The Stadt Sheet: Home Runs and All-Stars

Giancarlo Stanton hit 24 home runs in the first round of the Home Run Derby, impressing everyone not named Joey Chestnut.

The kids shagging fly balls in the outfield missed more than they caught, causing Major League Baseball to admit they were actually the Braves.

Cincinnati’s Adam Duvall hit 11 home runs in 3 minutes, automatically making himself ineligible to play for the Reds.

At the All-Star Game, Canadian quartet The Tenors caused a stir when they changed the lyrics of the Canadian national anthem to include the words “all lives matter.” Said Americans later, “Wait, there are lyrics to the Canadian national anthem?!”

The group later said that the offending member, who acted alone, was suspended. All Tenors don’t matter.

The Cubs have their best record at the midseason break since 1977. And Joe Buck mentioning it a dozen times won’t make Cubs fans feel jinxed at all.

David Ortiz is the oldest player in history to bat cleanup in the All-Star Game, proving once and for all that the Elias Sports Bureau has way too much time on its hands.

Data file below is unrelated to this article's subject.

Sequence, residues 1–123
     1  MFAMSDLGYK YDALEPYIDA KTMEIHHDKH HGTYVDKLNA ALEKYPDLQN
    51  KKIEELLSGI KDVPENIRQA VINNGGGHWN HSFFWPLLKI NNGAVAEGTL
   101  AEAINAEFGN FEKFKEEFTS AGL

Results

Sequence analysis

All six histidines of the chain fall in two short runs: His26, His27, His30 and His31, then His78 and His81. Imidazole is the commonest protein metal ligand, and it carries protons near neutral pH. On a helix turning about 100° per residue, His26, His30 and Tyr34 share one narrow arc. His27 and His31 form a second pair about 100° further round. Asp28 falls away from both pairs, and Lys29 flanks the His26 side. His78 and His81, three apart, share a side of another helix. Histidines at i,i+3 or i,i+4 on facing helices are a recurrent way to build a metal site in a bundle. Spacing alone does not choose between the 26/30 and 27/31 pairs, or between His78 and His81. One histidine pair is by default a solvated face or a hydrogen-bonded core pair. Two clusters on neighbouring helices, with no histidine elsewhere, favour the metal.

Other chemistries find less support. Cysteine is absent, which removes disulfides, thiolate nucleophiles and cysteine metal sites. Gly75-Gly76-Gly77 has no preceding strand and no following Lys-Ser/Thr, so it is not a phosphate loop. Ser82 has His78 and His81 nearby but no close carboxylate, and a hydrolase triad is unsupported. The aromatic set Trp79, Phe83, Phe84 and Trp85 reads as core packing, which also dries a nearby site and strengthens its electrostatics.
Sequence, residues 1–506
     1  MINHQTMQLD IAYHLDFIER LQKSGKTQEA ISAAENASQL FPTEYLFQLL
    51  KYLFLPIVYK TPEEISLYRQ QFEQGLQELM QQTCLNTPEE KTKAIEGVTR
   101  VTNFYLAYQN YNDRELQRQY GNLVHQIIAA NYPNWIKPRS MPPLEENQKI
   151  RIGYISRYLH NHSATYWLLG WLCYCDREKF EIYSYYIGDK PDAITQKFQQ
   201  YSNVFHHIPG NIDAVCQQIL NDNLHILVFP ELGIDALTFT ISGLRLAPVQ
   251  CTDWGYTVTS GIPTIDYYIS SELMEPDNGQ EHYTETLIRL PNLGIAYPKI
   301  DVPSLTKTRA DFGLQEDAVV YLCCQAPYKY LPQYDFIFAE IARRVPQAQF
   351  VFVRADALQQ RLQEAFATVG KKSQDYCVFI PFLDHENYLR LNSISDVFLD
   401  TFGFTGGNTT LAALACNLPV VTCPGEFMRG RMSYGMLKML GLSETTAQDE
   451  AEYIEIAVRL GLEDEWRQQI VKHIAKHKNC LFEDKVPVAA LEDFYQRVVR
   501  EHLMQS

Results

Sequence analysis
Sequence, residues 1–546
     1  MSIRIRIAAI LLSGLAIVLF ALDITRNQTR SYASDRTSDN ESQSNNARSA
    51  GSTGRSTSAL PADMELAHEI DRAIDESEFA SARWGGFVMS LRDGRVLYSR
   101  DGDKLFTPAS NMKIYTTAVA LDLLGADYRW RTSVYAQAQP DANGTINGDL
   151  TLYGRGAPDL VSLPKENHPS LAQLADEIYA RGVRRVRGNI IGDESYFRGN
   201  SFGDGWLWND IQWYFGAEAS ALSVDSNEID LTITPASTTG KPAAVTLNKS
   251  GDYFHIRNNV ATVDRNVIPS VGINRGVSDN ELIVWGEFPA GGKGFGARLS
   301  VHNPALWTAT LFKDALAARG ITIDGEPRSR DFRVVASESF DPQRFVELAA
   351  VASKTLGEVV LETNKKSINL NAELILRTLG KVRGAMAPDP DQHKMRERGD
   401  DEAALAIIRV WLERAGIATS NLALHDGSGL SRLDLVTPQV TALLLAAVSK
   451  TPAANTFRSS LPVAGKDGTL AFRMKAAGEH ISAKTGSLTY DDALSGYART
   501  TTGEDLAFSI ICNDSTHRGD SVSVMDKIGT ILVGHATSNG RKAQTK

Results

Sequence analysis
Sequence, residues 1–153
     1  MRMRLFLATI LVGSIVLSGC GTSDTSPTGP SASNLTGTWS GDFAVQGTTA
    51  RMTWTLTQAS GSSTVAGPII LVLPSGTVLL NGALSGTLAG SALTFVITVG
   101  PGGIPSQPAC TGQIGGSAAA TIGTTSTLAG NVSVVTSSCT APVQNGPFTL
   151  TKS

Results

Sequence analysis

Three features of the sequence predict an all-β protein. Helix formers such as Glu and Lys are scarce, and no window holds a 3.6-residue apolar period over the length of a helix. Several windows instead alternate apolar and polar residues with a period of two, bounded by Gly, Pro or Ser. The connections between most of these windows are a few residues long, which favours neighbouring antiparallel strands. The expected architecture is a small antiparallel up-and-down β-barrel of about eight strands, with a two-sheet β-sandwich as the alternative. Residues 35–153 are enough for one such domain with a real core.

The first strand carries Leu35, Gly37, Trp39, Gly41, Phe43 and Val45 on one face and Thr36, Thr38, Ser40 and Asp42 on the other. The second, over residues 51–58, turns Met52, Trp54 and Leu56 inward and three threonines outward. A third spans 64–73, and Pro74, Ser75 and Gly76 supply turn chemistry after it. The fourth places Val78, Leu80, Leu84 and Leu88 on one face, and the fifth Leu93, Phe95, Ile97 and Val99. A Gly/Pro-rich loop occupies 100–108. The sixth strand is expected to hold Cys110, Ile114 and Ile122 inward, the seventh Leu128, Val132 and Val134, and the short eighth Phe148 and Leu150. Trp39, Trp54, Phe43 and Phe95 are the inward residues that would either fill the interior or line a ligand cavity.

Ortiz left the game with an ovation that lasted longer than most of the National League’s at-bats.

Chris Sale started the game but only pitched one inning, or, as it’s known around the league, the “Matt Harvey special.”

Many viewers said they lost interest halfway through. But to be fair, they may have been talking about the Presidential election.

Vin Scully is retiring, but the Dodgers say his voice will most certainly live on, causing some to believe they’ve hired Frank Caliendo.

In the last game before the break, the Diamondbacks only got one hit. They called it “being on the wrong end of a pitching masterpiece.” The Twins call it “Any Given Sunday.”


Keith Alberstadt is a standup comedian who has appeared on “The Late Show,” “Late Night With Seth Meyers,” and your web browser. You should follow him on Twitter.